that they have in them because they are fused. This explains why fusional
languages are described as being rich in morphology.

There is some degree of fusional features in the English language in terms of the
concord that or agreement that exist between different grammatical forms. This is
most apparent in the auxiliary and copular be often refers to as the verb to be.
This verb has different shapes and it is infused with different grammatical
information. For instance, it can be realized as:

a) Am I am here
b) Is he is here
c) Are they are here
d) Was he was here
e) Were they were here
In these examples, am carries the meaning of singular, first person and present, is
singular, third person and present, are plural, third person and present, was
singular, third person and past and were plural, third person and past.

Analytic / Isolating Languages

These are languages in which words are made up of free morphemes with little or
no affixes. They are described as languages with reduced morphology because
words are mostly lexical in nature and are therefore content words without any
bound morphemes either inflectional or derivational. In other words, the words in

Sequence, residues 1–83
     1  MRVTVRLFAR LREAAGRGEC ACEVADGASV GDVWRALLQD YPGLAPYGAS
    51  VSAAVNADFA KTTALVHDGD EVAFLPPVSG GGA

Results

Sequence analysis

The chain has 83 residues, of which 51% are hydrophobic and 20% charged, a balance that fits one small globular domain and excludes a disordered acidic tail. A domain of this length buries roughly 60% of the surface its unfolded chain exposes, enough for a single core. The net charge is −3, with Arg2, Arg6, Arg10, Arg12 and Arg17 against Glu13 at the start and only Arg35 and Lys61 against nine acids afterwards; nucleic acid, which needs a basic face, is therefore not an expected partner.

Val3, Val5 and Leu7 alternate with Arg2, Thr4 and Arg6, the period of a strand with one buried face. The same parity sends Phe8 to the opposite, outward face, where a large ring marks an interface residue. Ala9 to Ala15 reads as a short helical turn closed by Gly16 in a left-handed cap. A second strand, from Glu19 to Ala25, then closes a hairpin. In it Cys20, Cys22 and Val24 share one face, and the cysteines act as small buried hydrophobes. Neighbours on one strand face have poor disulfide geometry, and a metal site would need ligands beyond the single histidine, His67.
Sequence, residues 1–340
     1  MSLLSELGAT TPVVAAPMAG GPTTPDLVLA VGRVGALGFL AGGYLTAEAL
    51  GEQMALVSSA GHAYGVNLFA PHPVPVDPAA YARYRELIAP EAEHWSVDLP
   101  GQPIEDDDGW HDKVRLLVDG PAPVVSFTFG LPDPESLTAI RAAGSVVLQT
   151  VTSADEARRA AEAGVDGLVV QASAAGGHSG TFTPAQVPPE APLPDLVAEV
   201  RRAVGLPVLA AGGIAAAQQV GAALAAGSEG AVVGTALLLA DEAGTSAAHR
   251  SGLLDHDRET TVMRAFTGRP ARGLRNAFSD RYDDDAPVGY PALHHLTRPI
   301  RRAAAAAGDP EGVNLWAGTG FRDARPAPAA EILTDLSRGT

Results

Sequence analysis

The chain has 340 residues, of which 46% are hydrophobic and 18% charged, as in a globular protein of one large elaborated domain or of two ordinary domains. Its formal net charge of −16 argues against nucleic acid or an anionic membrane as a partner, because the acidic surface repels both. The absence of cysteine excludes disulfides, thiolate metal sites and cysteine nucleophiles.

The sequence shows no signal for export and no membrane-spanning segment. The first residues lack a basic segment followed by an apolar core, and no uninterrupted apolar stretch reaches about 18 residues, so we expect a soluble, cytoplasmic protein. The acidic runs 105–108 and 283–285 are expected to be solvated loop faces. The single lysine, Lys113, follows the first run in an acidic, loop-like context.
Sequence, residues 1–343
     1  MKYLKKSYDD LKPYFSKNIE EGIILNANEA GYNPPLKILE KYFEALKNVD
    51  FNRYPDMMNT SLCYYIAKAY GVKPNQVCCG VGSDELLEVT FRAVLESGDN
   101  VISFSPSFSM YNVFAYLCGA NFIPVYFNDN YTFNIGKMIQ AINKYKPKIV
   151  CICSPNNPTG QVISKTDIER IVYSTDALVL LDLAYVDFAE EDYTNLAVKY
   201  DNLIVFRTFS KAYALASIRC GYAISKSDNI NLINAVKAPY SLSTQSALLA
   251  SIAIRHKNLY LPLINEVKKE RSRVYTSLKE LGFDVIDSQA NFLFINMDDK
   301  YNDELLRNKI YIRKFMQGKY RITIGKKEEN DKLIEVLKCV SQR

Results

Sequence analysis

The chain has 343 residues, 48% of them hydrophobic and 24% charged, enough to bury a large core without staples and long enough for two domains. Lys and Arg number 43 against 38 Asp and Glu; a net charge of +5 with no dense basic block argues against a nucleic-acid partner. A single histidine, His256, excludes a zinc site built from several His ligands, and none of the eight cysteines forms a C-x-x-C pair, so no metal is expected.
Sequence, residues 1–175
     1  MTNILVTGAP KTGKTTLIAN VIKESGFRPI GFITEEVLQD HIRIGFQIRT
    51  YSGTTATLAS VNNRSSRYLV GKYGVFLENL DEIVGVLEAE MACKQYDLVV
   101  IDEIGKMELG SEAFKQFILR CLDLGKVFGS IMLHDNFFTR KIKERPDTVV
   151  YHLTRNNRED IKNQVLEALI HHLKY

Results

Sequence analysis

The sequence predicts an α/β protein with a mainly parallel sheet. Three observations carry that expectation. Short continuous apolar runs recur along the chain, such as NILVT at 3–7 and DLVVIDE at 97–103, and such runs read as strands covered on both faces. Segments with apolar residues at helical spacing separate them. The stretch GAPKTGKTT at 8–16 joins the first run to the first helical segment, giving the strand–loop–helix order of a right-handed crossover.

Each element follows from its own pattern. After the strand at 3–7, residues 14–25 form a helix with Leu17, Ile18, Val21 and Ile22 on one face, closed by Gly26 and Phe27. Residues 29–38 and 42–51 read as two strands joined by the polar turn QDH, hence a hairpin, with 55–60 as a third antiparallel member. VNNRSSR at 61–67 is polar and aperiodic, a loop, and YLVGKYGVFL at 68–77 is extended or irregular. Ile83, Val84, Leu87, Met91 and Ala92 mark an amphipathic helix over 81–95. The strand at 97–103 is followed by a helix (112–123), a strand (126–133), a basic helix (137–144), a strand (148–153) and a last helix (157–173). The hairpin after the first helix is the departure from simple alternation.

these languages are monomorphemic. In these type of languages, syntactic such as
tense, number, person and case are expressed through the sequence in which the
words are ordered and not by inflections as it is the case with fusional languages.
Word order is therefore a significant feature of this type of languages. Examples of
typical analytic languages are Chinese, Vietnamese, Ponapean, Yoruba and to
some degree English. However, English has inflections so word order is not
significant in English.

Here are some examples in Yoruba:

a) Obirin naa ti de
Woman the has come
The woman has come
b) Awon obirin naa tide
Plural woman the have come
The women have come
c) Omo mi niyi
Child my be this
This is my child
d) Awon omo mi niyi
Plural child my be this
These are my children

In these examples, we can see that the forms of the words do not change and that
grammatical information is encoded through free morphemes.

So what are Isolating languages?


Isolating Languages

They are analytical languages that are extremely so analytical in their nature that
words are made up of single morphemes, tense and agreement affixes are not
morphologically marked on verbs and nouns and they have one meaning to each
word. It is in this sense for example that we can describe Yoruba as an isolating
language because it has no grammatical affixes but English as analytical but not
isolating. In order words, Yoruba is analytical and isolating as a language but
English is only analytical, it is not isolating. Remember that we said at the
beginning that there is no language that is fully under one classification; every
language has some mixture of the features of other morphological typologies.